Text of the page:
She’s so tiny, it’s hard to spot her amidst the towering figures of the other elephants in the Herd of Hope. Slowly but surely navigating her way through the herd and across the topography of the Elephant Conservation and Care Centre, with the tip of her trunk running close to the ground and guiding her, she ambles along with the herd, stopping occasionally to check that her keeper is nearby. Her size, and the relative ease with which she finds her way around the rescue facility is deceptive- not only is Suzy the oldest of the rescued elephants at the centre, she’s also completely blind. At 65 years old and weighing little more than 2,400 kilos, this amazing elephant’s miniature frame is home to a large, and endlessly loveable personality.

Life hasn’t been kind to Suzy. Probably snatched from the wild and separated from her herd and family as a calf, Suzy spent the next 65 years in captivity brutalised at the hands of human beings, suffering endlessly to satisfy the cruel greed of man. At the launch of our Circus Elephant Campaign, when we first found out about Suzy, she had already spent nearly 60 years in the circus, performing and living in dismal conditions of neglect. Her picture was splashed across posters, and she performed painful tricks in unnatural, uncomfortable positions for an ignorant audience, her pain and misery hidden behind the decorations that adorned her weak body.

Suzy needed to be retired from the circus before her aging body gave in to the seemingly endless torture inflicted upon her. Wildlife SOS brought this little elephant to our rescue facility in Mathura in January this year, accompanied by a team of vets and keepers, that couldn’t help but fall in love with their wonderful pachyderm travelling companion.

At ECCC, Suzy blossomed a personality unlike any elephant we’ve seen, with quirks and characteristics so uniquely her own, we can spend hours on end with her- marvelling at the tenacity and strength she displays despite her advanced age. Suzy never fails to inspire.
She was the first to welcome Asha and Lakhi when they arrived at the centre, warmly welcoming them into their new home and into her herd- a calm and reassuring source of comfort to rescued elephants coming front devastating conditions of abuse.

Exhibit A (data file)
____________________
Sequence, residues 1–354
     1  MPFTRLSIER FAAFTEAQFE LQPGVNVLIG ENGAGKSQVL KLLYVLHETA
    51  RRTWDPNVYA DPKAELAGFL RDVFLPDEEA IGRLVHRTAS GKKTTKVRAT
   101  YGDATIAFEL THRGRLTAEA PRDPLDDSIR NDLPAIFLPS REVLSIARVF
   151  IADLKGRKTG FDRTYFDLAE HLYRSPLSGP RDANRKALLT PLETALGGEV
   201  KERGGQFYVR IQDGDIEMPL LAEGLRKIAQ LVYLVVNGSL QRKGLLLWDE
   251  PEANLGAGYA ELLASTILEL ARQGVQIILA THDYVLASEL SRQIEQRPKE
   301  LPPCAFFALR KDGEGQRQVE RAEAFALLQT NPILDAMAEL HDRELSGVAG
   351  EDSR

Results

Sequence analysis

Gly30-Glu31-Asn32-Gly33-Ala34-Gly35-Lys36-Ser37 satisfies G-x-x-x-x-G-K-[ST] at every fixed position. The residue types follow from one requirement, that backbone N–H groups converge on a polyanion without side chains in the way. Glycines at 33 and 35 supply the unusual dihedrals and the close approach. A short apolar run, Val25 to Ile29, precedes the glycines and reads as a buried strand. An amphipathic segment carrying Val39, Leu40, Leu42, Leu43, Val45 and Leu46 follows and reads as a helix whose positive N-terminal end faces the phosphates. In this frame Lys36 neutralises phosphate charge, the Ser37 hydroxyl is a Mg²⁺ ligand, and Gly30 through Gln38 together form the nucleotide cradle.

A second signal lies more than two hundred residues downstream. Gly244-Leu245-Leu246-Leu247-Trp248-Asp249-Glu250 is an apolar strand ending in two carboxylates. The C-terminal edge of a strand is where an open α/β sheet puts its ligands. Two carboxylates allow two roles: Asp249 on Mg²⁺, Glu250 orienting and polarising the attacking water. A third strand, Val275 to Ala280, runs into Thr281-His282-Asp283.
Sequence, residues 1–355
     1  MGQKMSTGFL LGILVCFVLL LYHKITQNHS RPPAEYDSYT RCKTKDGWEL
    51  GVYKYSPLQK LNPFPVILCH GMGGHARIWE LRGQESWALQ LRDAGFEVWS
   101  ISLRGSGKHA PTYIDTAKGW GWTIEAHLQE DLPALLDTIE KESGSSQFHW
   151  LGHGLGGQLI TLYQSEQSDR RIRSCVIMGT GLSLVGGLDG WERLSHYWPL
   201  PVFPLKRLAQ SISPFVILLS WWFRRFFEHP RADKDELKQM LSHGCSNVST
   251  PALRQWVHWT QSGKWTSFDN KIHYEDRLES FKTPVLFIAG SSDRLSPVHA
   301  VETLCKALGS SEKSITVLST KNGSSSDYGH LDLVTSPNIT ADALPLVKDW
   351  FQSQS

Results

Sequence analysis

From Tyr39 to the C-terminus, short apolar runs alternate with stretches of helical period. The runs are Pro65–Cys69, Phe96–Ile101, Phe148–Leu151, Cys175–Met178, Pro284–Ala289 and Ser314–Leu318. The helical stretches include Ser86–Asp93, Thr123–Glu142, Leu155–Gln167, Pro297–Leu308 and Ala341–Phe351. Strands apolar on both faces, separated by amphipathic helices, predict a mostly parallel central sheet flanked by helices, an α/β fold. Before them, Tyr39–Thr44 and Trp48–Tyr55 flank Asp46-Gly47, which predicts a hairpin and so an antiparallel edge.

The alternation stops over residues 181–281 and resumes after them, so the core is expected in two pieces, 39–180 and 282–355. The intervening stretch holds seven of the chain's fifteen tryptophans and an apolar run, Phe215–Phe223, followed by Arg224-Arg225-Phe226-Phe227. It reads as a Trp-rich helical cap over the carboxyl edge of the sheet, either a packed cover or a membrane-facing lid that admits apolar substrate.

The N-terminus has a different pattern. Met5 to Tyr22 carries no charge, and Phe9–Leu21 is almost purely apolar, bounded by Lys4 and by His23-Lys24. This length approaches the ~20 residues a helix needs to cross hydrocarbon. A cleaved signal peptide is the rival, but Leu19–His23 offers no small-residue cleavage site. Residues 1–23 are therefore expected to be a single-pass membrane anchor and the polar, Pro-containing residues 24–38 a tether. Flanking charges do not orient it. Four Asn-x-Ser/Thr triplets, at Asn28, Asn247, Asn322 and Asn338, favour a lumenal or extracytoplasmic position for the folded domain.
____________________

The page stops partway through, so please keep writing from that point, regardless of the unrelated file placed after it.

But age, and the infirmities that accompany it, have been catching up with Suzy for a while now.  Her body is weakening, as her arthritic limbs grow progressively worse, and her complete lack of an entire set of teeth has made it impossible for her to chew the fodder and fruit that are fed to the other elephants.
We’re determined to make old age easy on Suzy though, and she’s given copious amounts of love and special treatment at ECCC. The keepers prepare Suzy’s meals separately, mashing everything into an easily digestible pulp, and ensure she is never left unattended on walks. Suzy walks slower and for shorter distances than the other elephants, and takes comfort in her keeper’s presence, constantly reaching out her trunk to touch him and reassure herself, knowing that we’d never leave her alone. In the river, Suzy gets a kind hand guiding her across, and coaxing her comfortingly when she seems the least bit apprehensive, even splashing her with the cool river water when she feels too tired to bathe herself.


Suzy’s veterinary care too keeps pace with her age, and the vets prescribe a special set of nutritional supplements and medication to keep her comfortable and healthy, as well as painkillers to ease the ache of her arthritis.
With winter settling in, Suzy’s fragile body is kept warm and snug in a specially designed elephant blanket, while her enclosure, where she spends the nights is provided with a shed whose covered walls keep the chilly winds at bay. When the sun comes up on warmer days, Suzy gets a relaxing bath followed by an invigorating massage with warm sesame oil, infused with clove and garlic.

While we wish that Suzy could have come to our notice earlier, and we could have given her many more years of a free and happy life, we take some comfort in knowing that at least now, she is getting the care and love she deserves and remains the pioneer and precedent for the rescue of circus elephants in India- having been at our centre for the arrival of six more circus elephants, including the youngest elephant at ECCC- Peanut!
Suzy will forever be an important part of the ECCC family, and our staff will continue to dote on her and help her make the most of her free life. You can play a special role in Suzy’s care by sponsoring her HERE.